When you get to the top of the lollipop stick, like in the photo above, add a little dab of icing to the opening and stack another lollipop stick on top. This may need to get trimmed, so you may have to go back to your planning step, and re-stack the cookies to see where the top will be. I cut off about two inches. 


Keep stacking until you have put all but one small green star on the tower. You should have one small green one and one small yellow one left. While the tower sets, you can make the topper. This is definitely one part I have not perfected yet. For the tower you see in this picture, I coated both sides of a small star in yellow royal icing, and when it was completely dry, I used green royal icing to attach it to a small green star (with an already drilled hole). I'm not thrilled with it, because the proportions don't look right to me-- the star topper is too big for the tree itself. 


And then it goes right on top!


The final step is to decorate the tree! This can be done in so many different ways, in any color scheme. Sprinkles, small candy, dots of royal icing, or dragées all work well. I kept it simple this time with silver and gold dragées.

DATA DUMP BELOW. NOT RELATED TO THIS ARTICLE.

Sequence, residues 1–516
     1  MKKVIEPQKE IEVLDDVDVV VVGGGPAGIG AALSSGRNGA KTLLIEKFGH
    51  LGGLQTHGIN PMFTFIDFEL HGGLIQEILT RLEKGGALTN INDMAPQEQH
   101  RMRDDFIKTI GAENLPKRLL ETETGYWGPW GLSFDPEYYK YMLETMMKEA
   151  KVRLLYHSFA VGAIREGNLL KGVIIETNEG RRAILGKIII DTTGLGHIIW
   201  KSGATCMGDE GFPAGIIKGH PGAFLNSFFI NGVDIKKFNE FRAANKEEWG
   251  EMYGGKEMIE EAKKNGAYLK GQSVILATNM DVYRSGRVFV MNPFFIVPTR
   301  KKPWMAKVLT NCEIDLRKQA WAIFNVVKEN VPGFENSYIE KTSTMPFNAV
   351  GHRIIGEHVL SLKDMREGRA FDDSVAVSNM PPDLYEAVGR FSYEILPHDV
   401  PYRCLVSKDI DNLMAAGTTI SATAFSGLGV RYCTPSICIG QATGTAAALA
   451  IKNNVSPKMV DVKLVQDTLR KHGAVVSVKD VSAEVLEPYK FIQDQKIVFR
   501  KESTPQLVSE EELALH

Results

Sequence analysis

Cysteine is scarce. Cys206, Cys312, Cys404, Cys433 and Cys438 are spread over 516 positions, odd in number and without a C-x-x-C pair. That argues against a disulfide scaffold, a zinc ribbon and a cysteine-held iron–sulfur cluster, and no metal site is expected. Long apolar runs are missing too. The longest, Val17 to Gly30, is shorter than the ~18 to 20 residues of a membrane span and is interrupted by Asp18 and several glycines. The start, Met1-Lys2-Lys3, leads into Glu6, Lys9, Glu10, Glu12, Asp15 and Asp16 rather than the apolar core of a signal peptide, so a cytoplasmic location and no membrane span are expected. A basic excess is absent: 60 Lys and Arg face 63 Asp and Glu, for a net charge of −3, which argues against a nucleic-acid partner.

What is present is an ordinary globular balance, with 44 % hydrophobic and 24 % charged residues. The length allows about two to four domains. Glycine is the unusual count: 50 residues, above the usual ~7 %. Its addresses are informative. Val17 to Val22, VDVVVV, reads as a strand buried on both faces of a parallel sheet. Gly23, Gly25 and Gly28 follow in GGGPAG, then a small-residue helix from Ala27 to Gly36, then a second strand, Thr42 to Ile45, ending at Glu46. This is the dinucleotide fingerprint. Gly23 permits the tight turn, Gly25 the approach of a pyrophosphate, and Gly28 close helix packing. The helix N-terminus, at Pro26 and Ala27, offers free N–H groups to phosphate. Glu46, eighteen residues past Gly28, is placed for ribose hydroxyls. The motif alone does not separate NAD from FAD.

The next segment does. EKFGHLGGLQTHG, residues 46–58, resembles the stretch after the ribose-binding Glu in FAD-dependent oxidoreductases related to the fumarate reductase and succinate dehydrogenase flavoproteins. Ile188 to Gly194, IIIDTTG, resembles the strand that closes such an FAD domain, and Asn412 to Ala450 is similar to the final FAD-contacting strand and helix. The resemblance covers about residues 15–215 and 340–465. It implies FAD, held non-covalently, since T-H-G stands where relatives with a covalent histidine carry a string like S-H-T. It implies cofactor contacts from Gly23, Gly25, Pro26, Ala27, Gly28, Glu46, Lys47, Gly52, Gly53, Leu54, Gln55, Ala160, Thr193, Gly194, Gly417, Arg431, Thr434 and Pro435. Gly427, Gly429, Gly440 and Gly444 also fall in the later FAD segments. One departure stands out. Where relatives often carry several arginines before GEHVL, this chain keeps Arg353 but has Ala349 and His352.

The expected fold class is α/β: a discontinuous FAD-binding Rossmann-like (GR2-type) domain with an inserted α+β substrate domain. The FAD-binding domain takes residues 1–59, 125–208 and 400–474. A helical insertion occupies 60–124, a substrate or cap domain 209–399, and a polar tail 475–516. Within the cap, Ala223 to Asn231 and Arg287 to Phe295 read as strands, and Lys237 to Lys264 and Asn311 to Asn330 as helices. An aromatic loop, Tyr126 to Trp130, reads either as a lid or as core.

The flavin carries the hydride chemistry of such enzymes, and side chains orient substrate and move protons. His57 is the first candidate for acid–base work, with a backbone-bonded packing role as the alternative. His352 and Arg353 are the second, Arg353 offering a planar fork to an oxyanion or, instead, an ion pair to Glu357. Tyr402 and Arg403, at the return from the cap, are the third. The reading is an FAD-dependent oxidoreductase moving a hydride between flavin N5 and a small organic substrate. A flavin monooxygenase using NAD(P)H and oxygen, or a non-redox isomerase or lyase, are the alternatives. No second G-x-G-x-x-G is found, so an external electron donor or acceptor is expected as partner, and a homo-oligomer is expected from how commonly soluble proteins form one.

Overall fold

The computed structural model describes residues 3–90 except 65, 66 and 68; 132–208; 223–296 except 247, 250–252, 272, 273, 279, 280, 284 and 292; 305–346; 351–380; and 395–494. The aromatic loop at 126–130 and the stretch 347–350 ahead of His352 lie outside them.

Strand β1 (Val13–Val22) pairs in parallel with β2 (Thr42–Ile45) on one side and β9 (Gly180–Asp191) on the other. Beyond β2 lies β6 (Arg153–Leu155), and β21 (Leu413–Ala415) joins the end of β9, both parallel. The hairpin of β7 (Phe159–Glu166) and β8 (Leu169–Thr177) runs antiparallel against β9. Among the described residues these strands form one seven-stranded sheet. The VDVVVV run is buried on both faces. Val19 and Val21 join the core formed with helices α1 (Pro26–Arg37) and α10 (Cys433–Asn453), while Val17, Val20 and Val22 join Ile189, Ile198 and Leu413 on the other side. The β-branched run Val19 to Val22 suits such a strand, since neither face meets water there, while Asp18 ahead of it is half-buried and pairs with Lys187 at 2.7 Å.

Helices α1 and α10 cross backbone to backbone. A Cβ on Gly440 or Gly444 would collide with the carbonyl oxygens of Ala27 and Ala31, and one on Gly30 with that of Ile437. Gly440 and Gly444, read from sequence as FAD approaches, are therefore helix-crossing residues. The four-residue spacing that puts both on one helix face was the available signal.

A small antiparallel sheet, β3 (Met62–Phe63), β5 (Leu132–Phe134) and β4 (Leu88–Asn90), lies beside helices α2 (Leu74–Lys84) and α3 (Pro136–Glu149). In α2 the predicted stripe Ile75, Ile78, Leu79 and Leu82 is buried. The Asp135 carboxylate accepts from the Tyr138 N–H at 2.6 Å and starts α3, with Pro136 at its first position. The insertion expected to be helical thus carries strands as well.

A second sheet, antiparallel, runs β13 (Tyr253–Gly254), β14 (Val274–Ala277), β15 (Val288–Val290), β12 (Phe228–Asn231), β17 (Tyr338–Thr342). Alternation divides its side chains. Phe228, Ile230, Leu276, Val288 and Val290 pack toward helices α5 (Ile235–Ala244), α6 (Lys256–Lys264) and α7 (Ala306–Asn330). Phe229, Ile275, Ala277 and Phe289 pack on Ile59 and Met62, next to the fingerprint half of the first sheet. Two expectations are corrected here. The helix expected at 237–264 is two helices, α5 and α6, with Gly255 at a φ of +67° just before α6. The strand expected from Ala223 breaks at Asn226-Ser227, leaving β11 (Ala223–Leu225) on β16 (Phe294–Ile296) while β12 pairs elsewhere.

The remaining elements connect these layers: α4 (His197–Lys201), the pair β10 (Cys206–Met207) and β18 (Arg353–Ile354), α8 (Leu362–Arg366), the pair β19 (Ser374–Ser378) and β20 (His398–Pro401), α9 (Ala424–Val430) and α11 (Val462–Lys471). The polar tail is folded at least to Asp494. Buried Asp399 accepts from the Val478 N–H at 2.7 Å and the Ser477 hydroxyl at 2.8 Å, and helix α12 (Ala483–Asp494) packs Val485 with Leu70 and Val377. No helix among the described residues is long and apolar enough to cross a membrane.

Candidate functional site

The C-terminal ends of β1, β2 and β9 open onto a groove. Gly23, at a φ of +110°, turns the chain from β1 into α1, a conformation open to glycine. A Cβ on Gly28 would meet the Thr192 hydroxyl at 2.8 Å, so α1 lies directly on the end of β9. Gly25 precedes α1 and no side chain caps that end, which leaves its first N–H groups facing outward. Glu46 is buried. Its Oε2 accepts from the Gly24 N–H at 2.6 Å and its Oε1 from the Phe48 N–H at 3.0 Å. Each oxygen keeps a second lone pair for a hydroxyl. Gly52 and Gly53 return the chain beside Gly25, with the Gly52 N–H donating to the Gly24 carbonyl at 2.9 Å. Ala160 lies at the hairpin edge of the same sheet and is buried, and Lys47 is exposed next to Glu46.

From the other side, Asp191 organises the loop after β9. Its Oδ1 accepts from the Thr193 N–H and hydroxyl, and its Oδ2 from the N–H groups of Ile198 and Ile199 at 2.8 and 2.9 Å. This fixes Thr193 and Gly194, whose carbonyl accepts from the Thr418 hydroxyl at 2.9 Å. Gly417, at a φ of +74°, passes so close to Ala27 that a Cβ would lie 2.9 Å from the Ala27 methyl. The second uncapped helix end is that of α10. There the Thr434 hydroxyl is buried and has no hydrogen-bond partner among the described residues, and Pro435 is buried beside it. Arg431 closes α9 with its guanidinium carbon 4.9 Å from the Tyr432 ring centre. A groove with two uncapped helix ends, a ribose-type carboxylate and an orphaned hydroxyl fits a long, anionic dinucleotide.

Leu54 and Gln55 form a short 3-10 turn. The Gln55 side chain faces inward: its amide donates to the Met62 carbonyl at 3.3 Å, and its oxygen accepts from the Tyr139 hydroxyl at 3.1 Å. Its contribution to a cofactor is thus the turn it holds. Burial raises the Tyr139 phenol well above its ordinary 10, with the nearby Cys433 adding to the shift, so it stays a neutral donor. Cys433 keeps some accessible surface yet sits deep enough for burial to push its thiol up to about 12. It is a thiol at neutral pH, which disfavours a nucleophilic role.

Can you believe I didn't take a final picture of the tower all put together this year!? I even made a smaller version for a coworker without the largest and next largest size layers. And no pictures! Anyway, here are a few other tree towers I've made over the years... 

2008

2009


2009


2010

1 comment:

  1. Glad to have seen this festive post. Your tutorial does inspire. Most the time when I see these type of things, I do not think I could make them. Your post here though is something I can make. That last picture is fantastic. Great post.